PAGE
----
Other characters, while being somewhat stereotypical, have a sadist twist to that stereotype. So while clearly based on stereotypes, I feel they do deviate from those stereotypes in interesting ways. Unlike the main character, they do have a some background story shown. Plot wise, the plot moves through out, but doesn’t tell you everything from the get go. This has been mistaken as having no plot to start with. I disagree. You learn a bit more of this mysterious situation with each episode. But it doesn’t all start fitting together until later. As far as animation goes, well I have no right to judge animation. I’ve almost never noticing anything off on animation with any show. But I’ll at least say these guys are quite cute.
This is one of the first reverse harems that don’t completely bore me to death. The plot is lame, but it is all about the boys feeding off a helpless girl which is understandable. Most reverse harems don’t have a nice plot, just boy heaven. This is vampire heaven, where you’re vampires aren’t scared to bite and feed. I love it. They are all what they should be; predators. I like each and everyone of them. I would give this a B+ rating if it wasn’t for the heroine’s stupid, simple and typical personality. All reverse harem girls are like this, typical stuff. I wasn’t expecting much of her when I began the series. But I was also not expecting sadistic, predatory vampires who care less about the girl and more about her blood. I certainly don’t recommend this to those weak at heart and don’t have an open mind to Japanese S&M. If you like smut or anything borderline ecchi, I highly recommend you watch.
Space Brothers is about a middle aged man trying to get to the moon by becoming an astronaut. It won’t be easy, since he has bad luck beside him, and a lot of younger and tougher competitors to become astronauts. To follow his brother Hibito to the moon, Mutta will attempt to become an astronaut at the age of 31. Unaware of his own talent, Mutta chases his dreams to get back in front of his younger brother. Space Brothers is realistic, as expected of slice of life genre, in the way it approach the story and characters. No slapstick, villains, “nen,” “ninjitsu,” “bankai,” nor any form of action in Space Brothers. Yet it can be as exciting, if not more, than current shonen series I follow.
When you watch enough anime, you start to feel like you know what the genre is capable of. Sometimes a show will surprise you, but most fall into a pretty defined categories. What is so amazing about space Brothers is that it goes way outside the normal limits of the genre. The only fanservice here is that every episode is littered with shots of space, rockets, and astronauts. Characters are relatable and well developed, and the story is will keep you coming back to see what crazy hijinks Mutta gets up to in his quest to chase his little brother to the stars. The show captures the imagination and fans the coals of wanderlust we’ve all felt while peering through a telescope, hopefully getting a few young students interested in space in the process. Who knows, maybe a young fan of the show will be the first Japanese man to walk on our moon. This isn’t just one of my favorite new anime series, this is one of my favorite new shows. Period. Fantastic series for viewers of all ages, especially if you ever spent time just staring at the sky in wonder.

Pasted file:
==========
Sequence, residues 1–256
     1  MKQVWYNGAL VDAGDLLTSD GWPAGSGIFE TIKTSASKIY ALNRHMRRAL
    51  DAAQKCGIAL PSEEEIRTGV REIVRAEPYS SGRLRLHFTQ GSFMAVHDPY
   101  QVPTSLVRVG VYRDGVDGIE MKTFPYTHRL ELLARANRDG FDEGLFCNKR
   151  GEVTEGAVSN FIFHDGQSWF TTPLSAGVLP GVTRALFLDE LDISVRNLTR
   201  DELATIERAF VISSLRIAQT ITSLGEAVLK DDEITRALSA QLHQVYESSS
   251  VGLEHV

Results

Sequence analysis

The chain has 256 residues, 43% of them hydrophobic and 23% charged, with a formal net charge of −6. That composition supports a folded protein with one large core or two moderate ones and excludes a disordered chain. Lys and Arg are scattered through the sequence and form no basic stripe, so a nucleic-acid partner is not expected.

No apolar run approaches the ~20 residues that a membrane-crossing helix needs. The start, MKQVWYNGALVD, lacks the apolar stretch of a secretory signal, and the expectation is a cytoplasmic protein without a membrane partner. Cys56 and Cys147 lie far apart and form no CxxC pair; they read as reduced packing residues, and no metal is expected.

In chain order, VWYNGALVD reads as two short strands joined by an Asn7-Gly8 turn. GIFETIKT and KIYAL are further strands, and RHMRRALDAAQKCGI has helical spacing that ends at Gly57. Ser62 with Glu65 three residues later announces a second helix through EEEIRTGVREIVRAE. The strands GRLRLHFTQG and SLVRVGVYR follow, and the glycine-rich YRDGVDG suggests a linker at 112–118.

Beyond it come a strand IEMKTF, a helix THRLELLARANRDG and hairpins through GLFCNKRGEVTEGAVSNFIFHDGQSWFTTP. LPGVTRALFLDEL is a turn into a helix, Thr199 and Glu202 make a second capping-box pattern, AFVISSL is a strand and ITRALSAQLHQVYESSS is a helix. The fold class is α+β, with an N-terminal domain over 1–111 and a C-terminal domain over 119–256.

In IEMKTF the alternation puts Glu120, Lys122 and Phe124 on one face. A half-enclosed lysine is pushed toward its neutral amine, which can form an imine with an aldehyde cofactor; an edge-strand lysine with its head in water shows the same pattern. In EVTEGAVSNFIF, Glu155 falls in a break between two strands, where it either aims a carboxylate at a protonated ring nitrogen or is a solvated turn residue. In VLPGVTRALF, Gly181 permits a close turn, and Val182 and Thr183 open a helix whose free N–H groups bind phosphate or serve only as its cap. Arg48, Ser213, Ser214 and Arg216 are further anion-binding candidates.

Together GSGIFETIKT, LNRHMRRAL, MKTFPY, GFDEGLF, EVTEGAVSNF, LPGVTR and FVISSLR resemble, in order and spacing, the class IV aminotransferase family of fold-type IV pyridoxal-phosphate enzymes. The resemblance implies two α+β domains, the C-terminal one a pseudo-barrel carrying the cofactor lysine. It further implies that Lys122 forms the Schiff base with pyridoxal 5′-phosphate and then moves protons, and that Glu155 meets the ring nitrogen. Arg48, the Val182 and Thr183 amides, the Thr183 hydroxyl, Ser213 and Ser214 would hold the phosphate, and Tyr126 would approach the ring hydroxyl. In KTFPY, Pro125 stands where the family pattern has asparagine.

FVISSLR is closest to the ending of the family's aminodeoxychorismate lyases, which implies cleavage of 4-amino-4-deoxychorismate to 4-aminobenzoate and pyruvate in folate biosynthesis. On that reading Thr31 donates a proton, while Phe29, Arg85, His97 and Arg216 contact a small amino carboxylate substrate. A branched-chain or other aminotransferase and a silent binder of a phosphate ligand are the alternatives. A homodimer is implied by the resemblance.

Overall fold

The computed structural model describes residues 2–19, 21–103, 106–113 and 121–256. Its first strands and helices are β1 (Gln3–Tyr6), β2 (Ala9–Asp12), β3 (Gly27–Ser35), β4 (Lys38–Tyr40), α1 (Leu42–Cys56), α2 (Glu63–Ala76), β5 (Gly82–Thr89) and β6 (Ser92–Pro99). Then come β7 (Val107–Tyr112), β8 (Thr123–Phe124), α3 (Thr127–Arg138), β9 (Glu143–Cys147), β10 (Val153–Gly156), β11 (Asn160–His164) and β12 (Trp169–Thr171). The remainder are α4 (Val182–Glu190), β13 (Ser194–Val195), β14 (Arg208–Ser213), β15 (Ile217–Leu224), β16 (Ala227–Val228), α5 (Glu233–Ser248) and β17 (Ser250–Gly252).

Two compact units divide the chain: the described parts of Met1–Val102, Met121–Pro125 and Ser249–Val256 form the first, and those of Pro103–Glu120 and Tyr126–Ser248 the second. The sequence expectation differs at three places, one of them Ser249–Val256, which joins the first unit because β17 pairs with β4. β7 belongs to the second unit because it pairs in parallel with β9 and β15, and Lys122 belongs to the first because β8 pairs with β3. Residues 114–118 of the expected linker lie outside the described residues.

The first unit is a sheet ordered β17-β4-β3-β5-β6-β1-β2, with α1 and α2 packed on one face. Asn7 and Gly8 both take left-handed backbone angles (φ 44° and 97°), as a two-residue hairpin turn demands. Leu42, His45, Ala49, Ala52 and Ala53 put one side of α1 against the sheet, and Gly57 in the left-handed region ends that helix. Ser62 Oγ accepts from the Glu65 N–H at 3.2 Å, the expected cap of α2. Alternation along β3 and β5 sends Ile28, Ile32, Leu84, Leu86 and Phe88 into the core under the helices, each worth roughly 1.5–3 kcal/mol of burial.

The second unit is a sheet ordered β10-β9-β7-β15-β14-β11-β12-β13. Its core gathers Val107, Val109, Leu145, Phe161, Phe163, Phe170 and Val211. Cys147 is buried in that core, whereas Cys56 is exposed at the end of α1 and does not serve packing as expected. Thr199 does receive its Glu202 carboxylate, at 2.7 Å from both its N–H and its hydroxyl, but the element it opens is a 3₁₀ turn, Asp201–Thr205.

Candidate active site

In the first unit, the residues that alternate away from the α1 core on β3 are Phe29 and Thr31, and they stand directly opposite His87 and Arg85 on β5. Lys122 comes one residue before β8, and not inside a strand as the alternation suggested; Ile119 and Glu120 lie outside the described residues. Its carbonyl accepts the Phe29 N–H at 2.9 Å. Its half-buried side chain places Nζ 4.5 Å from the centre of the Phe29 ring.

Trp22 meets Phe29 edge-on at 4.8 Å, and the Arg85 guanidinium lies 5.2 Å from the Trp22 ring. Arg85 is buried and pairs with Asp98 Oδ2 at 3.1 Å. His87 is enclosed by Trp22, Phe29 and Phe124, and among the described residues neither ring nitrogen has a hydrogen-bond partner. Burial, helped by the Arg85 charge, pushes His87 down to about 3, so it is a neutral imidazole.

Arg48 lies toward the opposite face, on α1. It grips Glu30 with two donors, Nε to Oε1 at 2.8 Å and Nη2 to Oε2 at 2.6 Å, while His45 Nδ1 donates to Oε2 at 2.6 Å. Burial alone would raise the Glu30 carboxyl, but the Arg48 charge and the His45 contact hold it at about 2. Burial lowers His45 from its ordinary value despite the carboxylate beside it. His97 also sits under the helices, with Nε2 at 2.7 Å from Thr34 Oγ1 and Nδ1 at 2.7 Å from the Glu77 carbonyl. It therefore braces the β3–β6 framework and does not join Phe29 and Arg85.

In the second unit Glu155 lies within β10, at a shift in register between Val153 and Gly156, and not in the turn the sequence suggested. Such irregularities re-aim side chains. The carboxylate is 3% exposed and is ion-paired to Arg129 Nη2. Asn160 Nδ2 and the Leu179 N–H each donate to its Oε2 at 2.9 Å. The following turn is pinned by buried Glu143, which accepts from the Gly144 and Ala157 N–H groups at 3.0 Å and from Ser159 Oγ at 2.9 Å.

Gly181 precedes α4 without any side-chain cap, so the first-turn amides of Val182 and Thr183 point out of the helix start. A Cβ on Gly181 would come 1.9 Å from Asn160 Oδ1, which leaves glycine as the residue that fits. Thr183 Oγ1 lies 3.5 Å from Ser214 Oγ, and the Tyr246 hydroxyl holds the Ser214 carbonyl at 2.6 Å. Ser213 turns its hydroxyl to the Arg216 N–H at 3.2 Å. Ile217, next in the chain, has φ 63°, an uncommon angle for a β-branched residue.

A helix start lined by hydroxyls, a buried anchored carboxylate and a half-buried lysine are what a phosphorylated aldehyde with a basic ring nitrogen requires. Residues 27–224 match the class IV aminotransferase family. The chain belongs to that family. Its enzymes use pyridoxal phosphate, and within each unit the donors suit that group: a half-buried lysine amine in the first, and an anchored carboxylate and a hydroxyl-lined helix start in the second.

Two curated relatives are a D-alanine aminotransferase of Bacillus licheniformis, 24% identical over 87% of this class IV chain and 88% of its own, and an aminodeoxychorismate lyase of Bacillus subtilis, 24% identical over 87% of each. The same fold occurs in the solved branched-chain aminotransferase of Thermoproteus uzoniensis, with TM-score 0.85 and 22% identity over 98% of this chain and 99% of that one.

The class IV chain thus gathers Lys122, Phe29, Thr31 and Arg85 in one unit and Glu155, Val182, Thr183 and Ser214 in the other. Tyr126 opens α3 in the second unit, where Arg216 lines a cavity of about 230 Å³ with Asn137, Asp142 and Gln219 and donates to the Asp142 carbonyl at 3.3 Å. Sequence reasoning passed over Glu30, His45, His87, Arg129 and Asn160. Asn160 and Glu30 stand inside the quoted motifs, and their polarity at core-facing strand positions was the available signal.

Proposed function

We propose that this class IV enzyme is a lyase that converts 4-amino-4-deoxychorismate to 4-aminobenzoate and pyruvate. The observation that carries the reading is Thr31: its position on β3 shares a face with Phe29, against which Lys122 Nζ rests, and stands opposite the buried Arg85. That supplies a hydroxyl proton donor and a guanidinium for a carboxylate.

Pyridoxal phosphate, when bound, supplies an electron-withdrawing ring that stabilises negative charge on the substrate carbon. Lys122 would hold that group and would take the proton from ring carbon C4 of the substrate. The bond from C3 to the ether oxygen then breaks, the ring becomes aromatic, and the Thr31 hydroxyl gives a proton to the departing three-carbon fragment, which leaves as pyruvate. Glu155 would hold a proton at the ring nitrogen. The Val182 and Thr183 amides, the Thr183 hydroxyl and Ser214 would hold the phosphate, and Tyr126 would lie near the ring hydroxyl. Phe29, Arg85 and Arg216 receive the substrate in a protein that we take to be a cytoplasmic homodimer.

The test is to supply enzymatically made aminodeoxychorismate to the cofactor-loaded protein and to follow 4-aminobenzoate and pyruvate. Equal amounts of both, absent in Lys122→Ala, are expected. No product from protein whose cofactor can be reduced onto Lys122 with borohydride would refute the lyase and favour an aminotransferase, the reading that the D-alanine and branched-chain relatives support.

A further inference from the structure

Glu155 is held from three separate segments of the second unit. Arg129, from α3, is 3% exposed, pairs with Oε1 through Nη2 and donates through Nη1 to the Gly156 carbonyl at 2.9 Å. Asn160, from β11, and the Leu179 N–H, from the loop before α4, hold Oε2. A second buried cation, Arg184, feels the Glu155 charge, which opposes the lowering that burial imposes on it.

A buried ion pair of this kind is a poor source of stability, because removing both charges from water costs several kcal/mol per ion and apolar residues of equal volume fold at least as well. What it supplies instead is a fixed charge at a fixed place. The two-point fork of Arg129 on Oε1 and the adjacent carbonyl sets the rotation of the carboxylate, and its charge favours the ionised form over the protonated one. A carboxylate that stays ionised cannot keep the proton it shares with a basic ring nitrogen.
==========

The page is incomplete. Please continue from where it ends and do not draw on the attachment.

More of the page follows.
As far as other negative points are concerned, I think the story doesn’t need a UFO as a motiviation at the beginning of the series. Just wanting to become an astronaut and go into space is enough in my opinion. Another thing is that even though he’s supposed to be smart storywise, the protagonist comes across as rather dumb. It seemed a bit unrealistic to me at times. I’m sure the creators just wanted to make him human and relatable. They just seemed to have gone overboard with this at times. I mean I often felt like I’d feel ashamed if alien visitors would stumble on him in space and take him to be representative of our species. That can’t be good thing. Jokes aside though, Mutta’s a likeable character and I’m sure that many viewers will be able to relate to him. It takes its’ subject matter very seriously to great effect. I don’t know if you’ll like it if you’re not into astronauts and space at all, though. I’d urge you to try it anyway.